WASHINGTON—As the expiring provisions of the STELA Reauthorization Act of 2014 is up for reauthorization, broadcasters and satellite operators are on opposing ends over certain elements, specifically the distant signal license. In a letter to members of the House Committee on Energy & Commerce and House Committee on Judiciary, Rep. Jared Golden (D-Maine) came down on the side of broadcasters, believing that it is time to let the expiring provisions sunset.
The digital signal license in STELAR allows satellite TV providers to pipe in distant TV network programming into a local TV market rather than the local TV stations. This license was first instituted 30 years ago with the goal of allowing the young satellite industry to compete with cable companies.
This has impacted Rep. Golden’s constituents, as he points out in his letter that AT&T/DirecTV subscribers in Presque Isle, Maine, do not have access to local broadcast channels despite no technological limitations that would prevent AT&T/DirecTV from delivering them. “Instead, these subscribers receive distant network signals, thereby denying communities in my district from accessing critically important local news, weather and emergency information,” Golden says.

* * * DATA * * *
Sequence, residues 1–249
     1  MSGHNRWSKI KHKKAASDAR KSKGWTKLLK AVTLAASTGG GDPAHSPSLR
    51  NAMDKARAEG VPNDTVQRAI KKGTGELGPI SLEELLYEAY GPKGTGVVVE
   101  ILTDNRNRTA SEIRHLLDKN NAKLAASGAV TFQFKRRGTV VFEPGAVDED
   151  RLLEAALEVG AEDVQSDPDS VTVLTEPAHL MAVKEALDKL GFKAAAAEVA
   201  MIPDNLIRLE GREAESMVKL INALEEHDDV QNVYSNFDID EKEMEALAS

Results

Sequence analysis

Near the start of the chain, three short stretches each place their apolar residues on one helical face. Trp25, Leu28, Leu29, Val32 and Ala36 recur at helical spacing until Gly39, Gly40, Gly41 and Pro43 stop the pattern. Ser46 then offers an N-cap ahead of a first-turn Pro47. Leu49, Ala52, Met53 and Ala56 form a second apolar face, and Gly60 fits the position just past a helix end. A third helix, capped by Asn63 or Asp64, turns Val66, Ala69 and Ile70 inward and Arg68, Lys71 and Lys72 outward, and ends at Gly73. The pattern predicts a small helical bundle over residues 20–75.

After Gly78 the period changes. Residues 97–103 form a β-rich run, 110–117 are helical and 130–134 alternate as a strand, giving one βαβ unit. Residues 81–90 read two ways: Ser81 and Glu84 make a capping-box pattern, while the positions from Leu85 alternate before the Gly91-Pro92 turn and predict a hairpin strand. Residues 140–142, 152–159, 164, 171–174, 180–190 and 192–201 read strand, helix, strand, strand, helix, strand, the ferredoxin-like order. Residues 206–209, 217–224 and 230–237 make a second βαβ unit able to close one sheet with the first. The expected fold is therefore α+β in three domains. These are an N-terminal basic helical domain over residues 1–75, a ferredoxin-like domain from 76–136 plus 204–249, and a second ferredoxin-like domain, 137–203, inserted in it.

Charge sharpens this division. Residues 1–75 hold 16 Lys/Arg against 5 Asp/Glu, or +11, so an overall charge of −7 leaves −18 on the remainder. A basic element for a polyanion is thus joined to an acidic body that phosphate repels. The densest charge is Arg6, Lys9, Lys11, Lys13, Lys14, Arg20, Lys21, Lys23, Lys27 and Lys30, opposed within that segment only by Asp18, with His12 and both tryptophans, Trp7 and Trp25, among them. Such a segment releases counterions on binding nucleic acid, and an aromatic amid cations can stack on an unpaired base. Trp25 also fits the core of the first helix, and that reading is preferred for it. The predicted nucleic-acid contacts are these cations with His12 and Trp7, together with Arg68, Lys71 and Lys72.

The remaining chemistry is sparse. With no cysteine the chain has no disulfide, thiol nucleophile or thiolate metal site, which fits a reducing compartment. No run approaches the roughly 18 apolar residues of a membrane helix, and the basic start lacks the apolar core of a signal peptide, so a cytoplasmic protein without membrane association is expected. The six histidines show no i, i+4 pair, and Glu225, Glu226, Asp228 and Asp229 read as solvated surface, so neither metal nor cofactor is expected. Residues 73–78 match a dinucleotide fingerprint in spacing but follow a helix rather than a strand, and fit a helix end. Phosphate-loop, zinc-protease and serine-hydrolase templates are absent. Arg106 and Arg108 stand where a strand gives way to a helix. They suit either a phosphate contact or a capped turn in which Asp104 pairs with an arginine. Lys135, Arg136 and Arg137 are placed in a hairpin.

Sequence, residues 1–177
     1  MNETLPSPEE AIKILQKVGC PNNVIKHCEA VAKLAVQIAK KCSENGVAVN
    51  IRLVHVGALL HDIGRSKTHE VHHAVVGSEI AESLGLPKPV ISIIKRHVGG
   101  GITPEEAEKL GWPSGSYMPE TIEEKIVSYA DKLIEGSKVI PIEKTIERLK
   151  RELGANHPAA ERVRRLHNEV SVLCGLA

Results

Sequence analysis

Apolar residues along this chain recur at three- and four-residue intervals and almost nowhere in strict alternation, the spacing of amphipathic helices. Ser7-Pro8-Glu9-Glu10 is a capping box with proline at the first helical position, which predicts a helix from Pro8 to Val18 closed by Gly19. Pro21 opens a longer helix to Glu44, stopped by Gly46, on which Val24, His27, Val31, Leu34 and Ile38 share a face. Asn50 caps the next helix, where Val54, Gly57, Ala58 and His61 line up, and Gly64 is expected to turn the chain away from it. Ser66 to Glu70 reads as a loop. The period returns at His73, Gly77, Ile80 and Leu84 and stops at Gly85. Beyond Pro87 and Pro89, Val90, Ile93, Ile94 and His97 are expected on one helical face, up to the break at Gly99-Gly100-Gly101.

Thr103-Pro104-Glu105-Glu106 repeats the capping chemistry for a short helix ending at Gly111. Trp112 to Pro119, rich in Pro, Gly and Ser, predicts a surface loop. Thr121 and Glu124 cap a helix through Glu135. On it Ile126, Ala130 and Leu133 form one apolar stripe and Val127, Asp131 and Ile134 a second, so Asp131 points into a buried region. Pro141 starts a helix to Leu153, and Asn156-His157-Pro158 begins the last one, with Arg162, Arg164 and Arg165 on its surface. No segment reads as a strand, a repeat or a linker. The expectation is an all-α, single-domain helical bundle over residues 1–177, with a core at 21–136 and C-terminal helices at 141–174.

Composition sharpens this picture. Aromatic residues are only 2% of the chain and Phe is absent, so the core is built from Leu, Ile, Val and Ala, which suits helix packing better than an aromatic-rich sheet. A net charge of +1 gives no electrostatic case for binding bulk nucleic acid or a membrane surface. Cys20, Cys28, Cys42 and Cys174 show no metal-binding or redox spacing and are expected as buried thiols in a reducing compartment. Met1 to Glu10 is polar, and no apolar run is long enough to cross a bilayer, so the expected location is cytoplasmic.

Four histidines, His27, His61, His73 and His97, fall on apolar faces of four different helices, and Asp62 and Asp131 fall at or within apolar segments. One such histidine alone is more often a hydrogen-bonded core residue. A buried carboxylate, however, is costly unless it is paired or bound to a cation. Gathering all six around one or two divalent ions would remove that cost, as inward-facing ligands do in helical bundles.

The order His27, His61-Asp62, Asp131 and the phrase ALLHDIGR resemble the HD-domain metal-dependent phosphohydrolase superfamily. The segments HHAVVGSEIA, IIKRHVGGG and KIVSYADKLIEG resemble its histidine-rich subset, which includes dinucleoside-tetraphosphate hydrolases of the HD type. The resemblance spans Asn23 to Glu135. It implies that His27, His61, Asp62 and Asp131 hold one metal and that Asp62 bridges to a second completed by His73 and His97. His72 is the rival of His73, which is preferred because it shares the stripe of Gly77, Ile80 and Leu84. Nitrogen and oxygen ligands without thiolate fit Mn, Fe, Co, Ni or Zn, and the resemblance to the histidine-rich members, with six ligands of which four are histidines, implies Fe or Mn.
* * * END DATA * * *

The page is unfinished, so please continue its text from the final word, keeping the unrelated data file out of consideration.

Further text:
Golden continues: “... [O]ver the past three decades, the satellite industry has grown into a viable competitor to cable television service.
“It is clear that the distant signal license has outlived its usefulness and now disincentivizes AT&T/DirecTV from offering local programming to viewers in Northern Maine.”
Golden joins fellow Maine representatives Sens. Susan Collins (R) and Angus King (I) addressing the license’s impact on local broadcasting, as well as Rep. Michael Cloud (R-Texas), who also represents one of the 12 “neglected markets,” as Golden described them in his letter.
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